How to get the best college scholarships

December 31, 2012

Single moms know that starting early means finishing early with everything from cleaning the house to studying for exams, but when it comes to college scholarships, not everyone gets the same jump on applications that they should. Of course, there's more to scoring the perfect scholarship than just sending in paperwork on time. While there's no way to guarantee a winning form, there are other things that can be done to ensure financial aid for moms comes through.

Don't be deterred
There's plenty of legwork that goes into applying for a scholarship, and the first step is finding the ones for which single moms qualify. Just because it's not a fund set up specifically for single parents doesn't mean that mothers shouldn't try to win these awards. Other factors like grade point average, intended career, current field of study or past work experience can help get into a certain college scholarship's pool of recipients.

Recycle, reuse, reduce
MSN spoke with college funding guru Ben Kaplan and asked how to cut down the application time involved. For single moms, time is everything, and it may be the one big deterrent in searching out more funding options.

Kaplan's recommendation was to reuse some, if not all of a scholarship essay previously submitted for another award. He warned moms and applicants to be careful about context, but since so many applications want the same kind of content, it's okay to recycle certain elements of the same essay for different awards.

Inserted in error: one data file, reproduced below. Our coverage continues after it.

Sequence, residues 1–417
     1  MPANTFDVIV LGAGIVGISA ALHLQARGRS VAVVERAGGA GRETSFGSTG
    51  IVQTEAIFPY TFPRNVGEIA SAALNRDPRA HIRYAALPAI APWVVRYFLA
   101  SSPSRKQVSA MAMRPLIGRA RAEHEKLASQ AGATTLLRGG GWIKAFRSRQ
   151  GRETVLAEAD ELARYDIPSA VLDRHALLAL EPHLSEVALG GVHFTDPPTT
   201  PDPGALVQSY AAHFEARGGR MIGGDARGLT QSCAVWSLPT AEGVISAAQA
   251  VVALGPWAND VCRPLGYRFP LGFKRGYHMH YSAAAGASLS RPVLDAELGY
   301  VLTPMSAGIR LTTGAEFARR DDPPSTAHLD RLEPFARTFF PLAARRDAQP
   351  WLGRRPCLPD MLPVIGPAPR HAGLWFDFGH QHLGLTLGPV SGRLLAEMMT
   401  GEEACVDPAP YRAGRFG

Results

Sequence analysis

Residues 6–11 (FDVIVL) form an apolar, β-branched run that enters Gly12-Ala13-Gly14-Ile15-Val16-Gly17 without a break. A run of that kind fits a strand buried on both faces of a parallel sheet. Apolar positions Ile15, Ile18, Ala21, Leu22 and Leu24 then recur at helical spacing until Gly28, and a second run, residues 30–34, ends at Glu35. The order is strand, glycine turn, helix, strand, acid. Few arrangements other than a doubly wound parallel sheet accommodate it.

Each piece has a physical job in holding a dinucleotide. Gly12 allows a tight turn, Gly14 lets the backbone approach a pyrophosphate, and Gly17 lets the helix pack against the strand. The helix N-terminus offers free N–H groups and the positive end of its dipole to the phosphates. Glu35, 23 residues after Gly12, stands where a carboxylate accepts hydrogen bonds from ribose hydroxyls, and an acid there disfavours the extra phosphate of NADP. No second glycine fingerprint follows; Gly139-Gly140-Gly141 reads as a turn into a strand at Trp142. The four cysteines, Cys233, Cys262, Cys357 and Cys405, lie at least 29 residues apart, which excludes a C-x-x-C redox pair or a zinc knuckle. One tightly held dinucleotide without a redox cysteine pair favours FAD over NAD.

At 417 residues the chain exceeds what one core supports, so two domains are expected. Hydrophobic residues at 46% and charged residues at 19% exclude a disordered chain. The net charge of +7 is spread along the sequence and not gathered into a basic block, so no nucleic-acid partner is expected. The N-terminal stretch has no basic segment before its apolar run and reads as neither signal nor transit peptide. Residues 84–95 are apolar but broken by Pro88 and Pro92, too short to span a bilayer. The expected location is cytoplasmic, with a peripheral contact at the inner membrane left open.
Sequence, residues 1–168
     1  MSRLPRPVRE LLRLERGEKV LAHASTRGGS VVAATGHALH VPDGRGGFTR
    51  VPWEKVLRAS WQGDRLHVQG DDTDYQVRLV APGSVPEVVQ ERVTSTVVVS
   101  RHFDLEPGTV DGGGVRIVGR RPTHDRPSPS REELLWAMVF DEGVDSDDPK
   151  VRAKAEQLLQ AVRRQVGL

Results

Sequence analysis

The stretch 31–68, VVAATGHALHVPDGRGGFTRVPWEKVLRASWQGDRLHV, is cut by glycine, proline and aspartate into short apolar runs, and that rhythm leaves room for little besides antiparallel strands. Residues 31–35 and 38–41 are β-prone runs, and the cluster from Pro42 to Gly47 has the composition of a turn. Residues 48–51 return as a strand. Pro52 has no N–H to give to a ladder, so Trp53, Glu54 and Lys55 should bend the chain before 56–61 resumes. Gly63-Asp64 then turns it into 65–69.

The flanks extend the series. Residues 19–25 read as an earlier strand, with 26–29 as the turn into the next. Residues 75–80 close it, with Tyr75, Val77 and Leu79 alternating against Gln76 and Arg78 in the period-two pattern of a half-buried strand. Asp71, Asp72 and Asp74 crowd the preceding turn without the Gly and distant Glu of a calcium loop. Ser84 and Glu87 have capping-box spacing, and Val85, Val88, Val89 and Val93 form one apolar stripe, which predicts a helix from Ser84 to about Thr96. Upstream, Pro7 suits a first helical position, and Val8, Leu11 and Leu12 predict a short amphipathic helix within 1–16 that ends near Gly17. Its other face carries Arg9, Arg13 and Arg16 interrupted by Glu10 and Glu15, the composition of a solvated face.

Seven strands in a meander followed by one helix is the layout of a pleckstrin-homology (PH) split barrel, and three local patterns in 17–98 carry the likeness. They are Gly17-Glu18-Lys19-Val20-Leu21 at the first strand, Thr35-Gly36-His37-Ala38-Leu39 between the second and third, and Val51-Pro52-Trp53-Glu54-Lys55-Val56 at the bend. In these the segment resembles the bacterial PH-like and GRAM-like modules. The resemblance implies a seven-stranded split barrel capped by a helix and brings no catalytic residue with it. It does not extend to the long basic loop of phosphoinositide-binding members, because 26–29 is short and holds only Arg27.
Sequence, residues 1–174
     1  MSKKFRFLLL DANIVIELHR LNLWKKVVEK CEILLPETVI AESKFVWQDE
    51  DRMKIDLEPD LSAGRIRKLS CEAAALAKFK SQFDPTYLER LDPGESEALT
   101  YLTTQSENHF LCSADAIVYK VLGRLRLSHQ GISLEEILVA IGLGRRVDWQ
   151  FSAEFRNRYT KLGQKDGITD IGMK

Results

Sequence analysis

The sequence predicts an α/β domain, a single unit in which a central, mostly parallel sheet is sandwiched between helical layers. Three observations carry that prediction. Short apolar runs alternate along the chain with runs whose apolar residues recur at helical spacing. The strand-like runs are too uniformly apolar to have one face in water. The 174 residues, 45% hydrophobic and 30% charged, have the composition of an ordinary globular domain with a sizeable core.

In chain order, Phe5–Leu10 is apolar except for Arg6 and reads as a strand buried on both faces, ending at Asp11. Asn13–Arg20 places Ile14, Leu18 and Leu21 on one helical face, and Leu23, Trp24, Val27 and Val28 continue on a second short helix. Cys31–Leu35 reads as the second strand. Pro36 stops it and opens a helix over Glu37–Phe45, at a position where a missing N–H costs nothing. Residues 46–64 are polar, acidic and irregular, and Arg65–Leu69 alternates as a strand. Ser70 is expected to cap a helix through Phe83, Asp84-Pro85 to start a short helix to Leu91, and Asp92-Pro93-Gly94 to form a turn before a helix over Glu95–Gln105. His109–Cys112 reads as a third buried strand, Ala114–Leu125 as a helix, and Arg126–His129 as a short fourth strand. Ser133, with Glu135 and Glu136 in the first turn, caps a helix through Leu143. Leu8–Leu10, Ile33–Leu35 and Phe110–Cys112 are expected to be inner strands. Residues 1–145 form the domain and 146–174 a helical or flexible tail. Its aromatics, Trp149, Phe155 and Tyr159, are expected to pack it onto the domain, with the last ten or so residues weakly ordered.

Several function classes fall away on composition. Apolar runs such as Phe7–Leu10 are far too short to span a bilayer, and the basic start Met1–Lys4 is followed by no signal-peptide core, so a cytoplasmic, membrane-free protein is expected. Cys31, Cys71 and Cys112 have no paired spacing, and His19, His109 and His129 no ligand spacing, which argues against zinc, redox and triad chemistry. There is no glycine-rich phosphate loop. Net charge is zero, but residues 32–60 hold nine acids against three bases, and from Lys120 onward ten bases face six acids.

Clean it up
First impressions are important, and since the only aspect of a single mom that a scholarship review board will see is her application, it's important that this look as professional as possible. Use fresh paper, full ink cartridges and legible fonts when printing out essays and other documentation. If there are forms that require filling in, see if these can also be completed online, and if not, be sure to have at least one other copy available in case penmanship seems sloppy or something is filled out wrong.

What's more, getting a proofreader to ensure that grammar, style and punctuation are on par will grant a better chance at success. School resources may include a writing center, and many professors and advisors may be willing to assist in this function.

Campus Grotto also recommended that, for larger application packages, sending FedEx and postal parcels removes the sloppy appearance of trying to fold and force too many pages into a business-size envelope. 

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